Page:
Palivizumab passive immunisation against respiratory syncytial virus (RSV) in at risk pre-term infants

The provision of palivizumab passive immunisation to the existing and additional cohorts should be stopped as of the end of January 2022.

Update This guidance was originally published on 30 June 2021 and was updated on 2 February 2022.

Background 

Palivizumab is a humanised monoclonal antibody. It offers a form of passive immunisation, effectively providing short-term protection against respiratory syncytial virus (RSV) and reducing the risk of serious illness, hospitalisation and death. 

In the context of the COVID-19 pandemic, and in response to the atypical seasonal presentation of RSV, a UK-wide UK rapid policy statement (RPS) on palivizumab immunisation against RSV had been updated on 29 June 2021. This extended eligibility to an additional cohort of at-risk infants and allowed up to seven monthly doses.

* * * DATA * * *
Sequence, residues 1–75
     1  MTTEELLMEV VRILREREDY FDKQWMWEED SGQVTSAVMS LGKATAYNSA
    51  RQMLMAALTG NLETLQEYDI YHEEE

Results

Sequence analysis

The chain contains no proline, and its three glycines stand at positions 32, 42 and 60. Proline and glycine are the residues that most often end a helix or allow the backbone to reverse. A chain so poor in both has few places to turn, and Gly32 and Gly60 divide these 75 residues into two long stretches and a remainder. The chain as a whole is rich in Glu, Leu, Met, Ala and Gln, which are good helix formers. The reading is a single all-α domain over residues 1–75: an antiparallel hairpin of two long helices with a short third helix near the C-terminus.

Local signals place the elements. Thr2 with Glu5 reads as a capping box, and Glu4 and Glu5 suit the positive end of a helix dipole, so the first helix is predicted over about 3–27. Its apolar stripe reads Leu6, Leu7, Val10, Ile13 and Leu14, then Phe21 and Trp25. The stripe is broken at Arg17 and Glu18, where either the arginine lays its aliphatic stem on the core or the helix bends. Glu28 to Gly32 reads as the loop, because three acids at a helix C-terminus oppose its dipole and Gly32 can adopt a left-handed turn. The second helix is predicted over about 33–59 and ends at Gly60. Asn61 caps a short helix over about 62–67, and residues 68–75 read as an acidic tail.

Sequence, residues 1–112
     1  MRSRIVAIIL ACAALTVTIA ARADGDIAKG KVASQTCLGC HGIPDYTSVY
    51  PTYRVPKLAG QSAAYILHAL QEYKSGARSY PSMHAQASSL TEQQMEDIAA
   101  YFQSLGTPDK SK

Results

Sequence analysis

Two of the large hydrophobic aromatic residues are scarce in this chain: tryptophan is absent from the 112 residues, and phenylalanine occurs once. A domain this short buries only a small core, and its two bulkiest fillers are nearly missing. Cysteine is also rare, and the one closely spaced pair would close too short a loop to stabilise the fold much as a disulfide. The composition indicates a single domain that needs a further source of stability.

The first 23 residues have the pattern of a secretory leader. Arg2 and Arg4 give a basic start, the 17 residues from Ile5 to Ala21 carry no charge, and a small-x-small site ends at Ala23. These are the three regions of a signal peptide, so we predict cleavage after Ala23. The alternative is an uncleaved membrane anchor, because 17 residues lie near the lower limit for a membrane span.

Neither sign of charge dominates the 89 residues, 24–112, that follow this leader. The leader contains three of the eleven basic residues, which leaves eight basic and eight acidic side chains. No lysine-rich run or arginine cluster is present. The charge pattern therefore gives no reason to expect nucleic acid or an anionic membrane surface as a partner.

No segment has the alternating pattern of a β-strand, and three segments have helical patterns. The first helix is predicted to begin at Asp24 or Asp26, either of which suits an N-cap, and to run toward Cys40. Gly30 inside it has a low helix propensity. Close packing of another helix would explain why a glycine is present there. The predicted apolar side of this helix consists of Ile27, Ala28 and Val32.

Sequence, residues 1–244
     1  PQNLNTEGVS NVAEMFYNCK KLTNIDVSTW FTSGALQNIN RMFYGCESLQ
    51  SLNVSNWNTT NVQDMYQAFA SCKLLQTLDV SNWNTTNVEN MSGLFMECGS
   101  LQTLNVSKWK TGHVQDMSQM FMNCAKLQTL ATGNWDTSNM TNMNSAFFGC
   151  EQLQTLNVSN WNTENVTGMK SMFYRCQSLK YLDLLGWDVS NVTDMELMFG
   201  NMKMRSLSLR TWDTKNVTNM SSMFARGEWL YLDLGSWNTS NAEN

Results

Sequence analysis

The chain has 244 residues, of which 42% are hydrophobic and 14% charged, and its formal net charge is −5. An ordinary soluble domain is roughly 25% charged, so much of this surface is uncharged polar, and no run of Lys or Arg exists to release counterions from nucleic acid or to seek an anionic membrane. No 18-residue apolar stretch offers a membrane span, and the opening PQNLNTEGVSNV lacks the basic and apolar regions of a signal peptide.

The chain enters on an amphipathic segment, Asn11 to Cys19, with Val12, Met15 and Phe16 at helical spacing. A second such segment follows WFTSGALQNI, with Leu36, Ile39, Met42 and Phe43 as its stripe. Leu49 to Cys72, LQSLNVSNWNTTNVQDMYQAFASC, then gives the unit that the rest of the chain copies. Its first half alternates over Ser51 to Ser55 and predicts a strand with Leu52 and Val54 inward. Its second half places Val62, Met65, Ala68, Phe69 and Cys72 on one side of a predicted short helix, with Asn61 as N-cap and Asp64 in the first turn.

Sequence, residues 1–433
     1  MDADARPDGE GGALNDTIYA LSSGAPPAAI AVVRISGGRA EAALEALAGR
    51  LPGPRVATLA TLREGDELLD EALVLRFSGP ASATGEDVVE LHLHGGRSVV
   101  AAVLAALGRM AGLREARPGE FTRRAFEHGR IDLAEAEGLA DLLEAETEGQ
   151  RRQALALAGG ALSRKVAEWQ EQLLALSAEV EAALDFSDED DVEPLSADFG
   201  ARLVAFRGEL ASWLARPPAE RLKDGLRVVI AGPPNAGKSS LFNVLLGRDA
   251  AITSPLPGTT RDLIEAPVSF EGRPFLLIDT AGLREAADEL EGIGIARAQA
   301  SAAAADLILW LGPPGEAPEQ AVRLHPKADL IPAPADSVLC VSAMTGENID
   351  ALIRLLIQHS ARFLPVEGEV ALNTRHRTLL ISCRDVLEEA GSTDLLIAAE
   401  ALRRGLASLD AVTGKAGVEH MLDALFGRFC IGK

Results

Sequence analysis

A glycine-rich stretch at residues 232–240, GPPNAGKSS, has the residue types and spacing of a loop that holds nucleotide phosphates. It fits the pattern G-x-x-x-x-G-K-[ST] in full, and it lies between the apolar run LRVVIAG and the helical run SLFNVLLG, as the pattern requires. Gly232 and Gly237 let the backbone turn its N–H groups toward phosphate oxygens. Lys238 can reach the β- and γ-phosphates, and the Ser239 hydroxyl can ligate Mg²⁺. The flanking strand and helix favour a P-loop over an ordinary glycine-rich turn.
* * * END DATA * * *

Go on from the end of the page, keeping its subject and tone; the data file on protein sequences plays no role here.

Palivizumab

A National Expert Group comprising relevant specialist clinicians, national clinical leads, the devolved administrations, the Joint Committee on Vaccination and Immunisation (JCVI), the Royal College of Paediatrics and Child Health, and the UK Health Security Agency (UKHSA) has reviewed the latest available data, noting a decline in RSV related hospitalisation and rates of infection, which are now below the seasonal norm. 

The unanimous recommendation of the National Expert Group is that provision of palivizumab passive immunisation to the existing and additional cohorts should be stopped as of end of January 2022.